Victor Davis Hanson says (here), “[I]f we have an orphaned war that is dubbed lost, it nevertheless can still be won. None of our mistakes has been fatal; none is of a magnitude unprecedented in past wars; all have been cataloged; and few are now being repeated.” Hanson’s article includes a very fine catalog of our failings in Iraq, but as has been the case throughout the conflict, he takes an optimistic view of the path ahead.
Some would agree with him. Some would not. I think the best option available at this point is to hope that General Petraeus’ plan is somewhat effective. But conservative family researcher Stanley Kurtz thinks that our problem in the Middle East is far more intractable than most have thought.
A couple of weeks ago Kurtz published two provocative articles (part 1, part 2) where he explores what he believes is at the root of Islamic extremism and terrorism in the Middle East. I have waited to write about this because he promised to discuss in a future article what should be done about it. That should be interesting, because the problem he discusses is so deeply entrenched in the culture that a solution is difficult to imagine. Alas, after two weeks of waiting, part 3 has yet to be published.
Kurtz’s theory is that the preferred family structure in many Middle Eastern societies results in a natural conflict with modernity. It all comes down to exogamous and endogamous marriage practices. Exogamous marriages between clans open them to external thought and external alliances. Endogamous marriages, on the other hand, create extremely tight “self-sealing” clans that shun external influences.
Long before Islam was founded, the preferred marriage practice in many parts of the Middle East was within clans, and it still is. Clans are defined solely along patriarchal lines. Although most Americans find the idea anathema today, the practice in significant swaths of the Middle East has been and is today marriage between parallel cousins. That is, marriage to a child of your father’s brother. Being a strictly patriarchal order, this strengthens the clan against external thought and external influences.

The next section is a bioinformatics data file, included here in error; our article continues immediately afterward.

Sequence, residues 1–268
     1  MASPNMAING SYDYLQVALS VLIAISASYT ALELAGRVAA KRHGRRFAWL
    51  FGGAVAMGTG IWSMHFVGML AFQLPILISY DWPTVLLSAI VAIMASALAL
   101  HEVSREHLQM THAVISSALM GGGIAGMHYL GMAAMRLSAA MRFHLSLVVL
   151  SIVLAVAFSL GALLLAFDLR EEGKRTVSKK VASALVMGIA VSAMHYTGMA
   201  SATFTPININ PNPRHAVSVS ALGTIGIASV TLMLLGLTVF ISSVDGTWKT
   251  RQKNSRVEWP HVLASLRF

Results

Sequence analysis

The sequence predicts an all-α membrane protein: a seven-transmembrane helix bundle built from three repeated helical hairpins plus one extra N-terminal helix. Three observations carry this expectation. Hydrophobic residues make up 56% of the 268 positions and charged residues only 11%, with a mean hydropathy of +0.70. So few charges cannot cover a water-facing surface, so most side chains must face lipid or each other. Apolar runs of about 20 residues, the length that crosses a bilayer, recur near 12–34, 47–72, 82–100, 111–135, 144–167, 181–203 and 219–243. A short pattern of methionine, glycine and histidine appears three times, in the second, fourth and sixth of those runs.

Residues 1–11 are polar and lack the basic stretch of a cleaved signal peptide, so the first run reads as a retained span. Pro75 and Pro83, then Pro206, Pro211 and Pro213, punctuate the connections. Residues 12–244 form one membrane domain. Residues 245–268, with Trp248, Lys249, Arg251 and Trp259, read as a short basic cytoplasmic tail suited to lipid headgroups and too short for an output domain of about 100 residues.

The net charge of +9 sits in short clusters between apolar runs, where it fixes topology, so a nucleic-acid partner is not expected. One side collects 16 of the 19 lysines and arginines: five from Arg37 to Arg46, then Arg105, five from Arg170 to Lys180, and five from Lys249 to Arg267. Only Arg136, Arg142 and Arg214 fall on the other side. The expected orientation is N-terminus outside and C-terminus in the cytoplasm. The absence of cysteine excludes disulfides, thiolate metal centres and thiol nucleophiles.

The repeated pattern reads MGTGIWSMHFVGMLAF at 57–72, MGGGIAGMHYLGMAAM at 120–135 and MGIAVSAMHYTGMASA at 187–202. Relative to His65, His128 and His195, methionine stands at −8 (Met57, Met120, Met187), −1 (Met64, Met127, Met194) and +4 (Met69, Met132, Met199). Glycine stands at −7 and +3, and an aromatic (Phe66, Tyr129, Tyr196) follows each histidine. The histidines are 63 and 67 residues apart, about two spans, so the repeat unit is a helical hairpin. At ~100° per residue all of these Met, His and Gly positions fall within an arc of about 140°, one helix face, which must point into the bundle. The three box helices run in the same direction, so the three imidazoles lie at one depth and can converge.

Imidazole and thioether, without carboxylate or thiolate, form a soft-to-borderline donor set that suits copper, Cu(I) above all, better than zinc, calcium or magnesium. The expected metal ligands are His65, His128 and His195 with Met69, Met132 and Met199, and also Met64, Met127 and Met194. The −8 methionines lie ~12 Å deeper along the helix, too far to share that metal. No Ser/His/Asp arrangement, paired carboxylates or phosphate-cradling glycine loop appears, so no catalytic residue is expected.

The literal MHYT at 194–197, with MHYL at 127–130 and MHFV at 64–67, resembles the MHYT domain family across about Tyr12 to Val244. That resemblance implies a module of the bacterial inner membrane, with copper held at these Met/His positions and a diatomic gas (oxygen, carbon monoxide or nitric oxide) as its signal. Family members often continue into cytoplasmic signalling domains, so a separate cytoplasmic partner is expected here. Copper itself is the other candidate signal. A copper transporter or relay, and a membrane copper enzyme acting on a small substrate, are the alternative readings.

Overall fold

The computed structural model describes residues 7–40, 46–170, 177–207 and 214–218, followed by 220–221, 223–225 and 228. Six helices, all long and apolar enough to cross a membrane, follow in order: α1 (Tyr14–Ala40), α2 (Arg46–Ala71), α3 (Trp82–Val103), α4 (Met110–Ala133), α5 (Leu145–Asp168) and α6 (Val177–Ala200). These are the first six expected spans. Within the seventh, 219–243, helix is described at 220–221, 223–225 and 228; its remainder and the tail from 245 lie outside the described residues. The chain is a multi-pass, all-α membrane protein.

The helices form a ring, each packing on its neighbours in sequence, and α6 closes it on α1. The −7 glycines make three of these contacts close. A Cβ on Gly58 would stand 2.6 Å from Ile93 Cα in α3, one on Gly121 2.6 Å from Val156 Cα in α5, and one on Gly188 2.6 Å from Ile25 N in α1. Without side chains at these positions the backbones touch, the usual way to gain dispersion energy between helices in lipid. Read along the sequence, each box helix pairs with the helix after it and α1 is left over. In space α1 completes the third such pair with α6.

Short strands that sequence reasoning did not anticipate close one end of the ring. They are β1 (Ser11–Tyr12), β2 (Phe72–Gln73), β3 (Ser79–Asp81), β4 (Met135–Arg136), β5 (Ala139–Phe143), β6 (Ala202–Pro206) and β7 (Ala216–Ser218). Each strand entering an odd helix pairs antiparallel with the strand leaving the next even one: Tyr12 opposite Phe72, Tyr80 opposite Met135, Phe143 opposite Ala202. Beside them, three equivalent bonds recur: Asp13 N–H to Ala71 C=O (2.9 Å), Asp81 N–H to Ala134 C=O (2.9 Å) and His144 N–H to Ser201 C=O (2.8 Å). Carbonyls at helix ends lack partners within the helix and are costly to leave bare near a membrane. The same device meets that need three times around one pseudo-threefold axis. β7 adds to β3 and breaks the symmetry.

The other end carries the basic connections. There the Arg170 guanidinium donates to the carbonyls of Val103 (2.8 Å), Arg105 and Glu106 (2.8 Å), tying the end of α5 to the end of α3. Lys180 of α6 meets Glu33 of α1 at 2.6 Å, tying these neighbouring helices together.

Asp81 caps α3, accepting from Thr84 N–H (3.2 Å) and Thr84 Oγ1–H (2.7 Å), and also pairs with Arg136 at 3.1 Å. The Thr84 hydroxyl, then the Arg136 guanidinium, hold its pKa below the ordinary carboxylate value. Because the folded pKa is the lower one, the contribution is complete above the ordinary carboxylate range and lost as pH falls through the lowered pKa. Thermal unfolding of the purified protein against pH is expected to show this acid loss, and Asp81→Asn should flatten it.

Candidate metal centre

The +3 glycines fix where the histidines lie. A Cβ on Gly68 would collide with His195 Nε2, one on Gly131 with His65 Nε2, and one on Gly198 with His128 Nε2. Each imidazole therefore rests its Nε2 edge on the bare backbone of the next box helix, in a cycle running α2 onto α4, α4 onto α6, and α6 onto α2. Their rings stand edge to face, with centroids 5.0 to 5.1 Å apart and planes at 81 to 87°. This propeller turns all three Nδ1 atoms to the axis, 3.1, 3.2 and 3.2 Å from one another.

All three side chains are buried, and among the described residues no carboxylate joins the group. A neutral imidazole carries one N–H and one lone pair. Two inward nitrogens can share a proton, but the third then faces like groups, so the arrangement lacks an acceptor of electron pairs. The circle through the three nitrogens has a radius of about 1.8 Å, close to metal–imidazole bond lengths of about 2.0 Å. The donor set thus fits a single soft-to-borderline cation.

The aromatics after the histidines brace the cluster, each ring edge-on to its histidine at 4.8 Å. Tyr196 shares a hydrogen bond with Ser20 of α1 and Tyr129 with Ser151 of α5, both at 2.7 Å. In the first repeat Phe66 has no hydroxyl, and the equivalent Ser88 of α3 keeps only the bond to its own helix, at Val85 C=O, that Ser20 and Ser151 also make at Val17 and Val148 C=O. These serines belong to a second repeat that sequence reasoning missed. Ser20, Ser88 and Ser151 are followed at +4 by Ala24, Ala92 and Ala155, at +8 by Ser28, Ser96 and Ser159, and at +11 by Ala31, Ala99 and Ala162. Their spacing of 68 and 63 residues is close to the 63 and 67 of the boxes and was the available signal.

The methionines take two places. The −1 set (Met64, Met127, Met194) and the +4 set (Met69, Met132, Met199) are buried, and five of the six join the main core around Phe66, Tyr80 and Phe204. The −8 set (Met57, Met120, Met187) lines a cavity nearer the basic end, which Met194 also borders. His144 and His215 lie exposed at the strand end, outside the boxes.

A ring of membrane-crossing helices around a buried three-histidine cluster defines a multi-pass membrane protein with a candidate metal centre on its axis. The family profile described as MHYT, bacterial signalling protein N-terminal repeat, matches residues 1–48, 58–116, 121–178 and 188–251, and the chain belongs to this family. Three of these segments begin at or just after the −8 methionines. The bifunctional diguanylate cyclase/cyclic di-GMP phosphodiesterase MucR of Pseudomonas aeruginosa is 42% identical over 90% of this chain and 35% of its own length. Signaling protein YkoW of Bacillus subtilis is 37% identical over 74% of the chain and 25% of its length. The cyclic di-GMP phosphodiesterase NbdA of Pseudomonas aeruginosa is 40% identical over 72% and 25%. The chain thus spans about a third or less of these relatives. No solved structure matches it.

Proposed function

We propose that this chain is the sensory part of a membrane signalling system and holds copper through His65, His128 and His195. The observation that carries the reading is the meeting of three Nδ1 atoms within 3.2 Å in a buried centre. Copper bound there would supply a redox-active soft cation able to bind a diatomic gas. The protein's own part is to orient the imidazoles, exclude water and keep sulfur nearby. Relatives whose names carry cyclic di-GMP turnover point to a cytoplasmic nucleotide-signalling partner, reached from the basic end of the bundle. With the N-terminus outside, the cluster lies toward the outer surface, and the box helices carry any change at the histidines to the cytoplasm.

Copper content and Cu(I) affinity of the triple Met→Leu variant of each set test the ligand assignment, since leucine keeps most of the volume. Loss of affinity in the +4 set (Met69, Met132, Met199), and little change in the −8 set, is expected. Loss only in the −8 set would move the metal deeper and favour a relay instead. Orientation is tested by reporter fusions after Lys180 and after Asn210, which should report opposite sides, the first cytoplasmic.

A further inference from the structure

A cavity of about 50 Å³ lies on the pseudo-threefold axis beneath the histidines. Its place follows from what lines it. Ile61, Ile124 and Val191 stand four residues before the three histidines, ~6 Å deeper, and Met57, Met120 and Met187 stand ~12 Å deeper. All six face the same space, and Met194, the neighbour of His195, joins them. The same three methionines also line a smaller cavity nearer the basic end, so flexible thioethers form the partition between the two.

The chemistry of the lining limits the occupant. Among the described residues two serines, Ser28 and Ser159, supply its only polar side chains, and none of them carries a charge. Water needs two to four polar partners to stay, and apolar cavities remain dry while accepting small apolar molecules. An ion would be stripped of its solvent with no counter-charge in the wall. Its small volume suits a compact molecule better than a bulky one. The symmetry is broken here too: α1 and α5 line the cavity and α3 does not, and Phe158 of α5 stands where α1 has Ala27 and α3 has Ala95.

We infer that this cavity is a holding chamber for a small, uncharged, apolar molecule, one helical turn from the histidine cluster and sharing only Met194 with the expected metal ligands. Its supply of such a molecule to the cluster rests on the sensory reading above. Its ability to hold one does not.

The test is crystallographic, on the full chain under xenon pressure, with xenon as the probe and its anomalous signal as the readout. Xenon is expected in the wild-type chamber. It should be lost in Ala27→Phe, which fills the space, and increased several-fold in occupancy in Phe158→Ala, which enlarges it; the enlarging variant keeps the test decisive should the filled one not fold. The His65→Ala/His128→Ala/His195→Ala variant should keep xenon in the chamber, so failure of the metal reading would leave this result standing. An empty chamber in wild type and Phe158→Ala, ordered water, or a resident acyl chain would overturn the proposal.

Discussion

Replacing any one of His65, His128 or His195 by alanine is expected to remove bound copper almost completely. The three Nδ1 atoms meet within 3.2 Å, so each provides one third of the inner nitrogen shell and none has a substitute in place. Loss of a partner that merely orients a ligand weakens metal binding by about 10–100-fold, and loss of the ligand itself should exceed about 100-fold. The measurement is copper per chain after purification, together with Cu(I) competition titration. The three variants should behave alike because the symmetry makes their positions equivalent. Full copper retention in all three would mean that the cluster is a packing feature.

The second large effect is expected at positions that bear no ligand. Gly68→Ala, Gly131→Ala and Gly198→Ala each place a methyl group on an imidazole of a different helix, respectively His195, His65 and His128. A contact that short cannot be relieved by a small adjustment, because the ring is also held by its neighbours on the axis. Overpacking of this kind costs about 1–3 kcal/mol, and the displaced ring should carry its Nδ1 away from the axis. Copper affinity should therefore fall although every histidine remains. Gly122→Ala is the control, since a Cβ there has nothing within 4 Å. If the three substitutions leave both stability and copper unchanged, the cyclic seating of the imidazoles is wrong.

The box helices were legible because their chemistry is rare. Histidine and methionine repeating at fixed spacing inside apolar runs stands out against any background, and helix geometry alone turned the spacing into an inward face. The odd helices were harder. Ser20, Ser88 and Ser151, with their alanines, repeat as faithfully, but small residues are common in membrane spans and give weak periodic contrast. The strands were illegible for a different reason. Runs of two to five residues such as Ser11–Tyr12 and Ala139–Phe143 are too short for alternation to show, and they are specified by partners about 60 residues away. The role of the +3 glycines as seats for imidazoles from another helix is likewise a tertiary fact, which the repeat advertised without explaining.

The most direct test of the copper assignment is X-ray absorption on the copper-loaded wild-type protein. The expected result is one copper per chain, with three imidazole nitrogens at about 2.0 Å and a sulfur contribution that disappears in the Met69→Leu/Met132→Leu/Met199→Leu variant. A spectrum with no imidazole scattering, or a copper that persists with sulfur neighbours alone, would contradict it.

Not all of the results of this are bad, Kurtz notes. Endogamy provides “benefits of heightening social cohesion and preserving cultural continuity.” But endogamous societies rely mostly upon who you are rather than what you know or can do. Also, “Instead of encouraging cultural exchange, forging alliances, and mitigating tensions among competing groups, parallel-cousin marriage tends to wall off groups from one another and to encourage conflict between and among them.”
Endogamy specifically goes against integrative factors such as “cultural communication, adaptive development, and mutual trust,” which are essential elements to coping with modernity. Kurtz explores examples of how the Middle East has found successfully implementing modern business organizations to be an impossible task, unless they are significantly staffed with foreign help. He discusses how Middle Easterners moving to the West often have incredible difficulty integrating, even after generations.
Kurtz is quick to note that endogamous marriage is not an Islamic tenet. However, religious reasons are often cited for continuing its practice. Indeed, it was Mohammed’s ability to bring so many endogamous tribes and clans together under a single head that was one of his crowning achievements. But Kurtz suggests that this achievement now threatens our entire world.
I find Kurtz’s thesis intriguing. He shows no malice toward Islam, but does harbor significant concerns about preferred family structure in many traditionally Islamic societies. I believe he makes his point quite convincingly. It makes me ponder the significance of family structure as we experiment and tinker with it in Western societies. The impacts of this tinkering are unpredictable and may result in significant problems many generations down the road.
What I want to know is what Kurtz proposes to do about the problem he has defined. I’m not smart enough to perceive any reasonable way to solve it. I think that it’s quite obvious that there is no quick fix. Is it even possible to implement a solution that could prove useful any time during the life of children being born today? Come on, Dr. Kurtz, let’s have the next part in the series.
(A full library of Stanley Kurtz’s NRO articles can be found here.)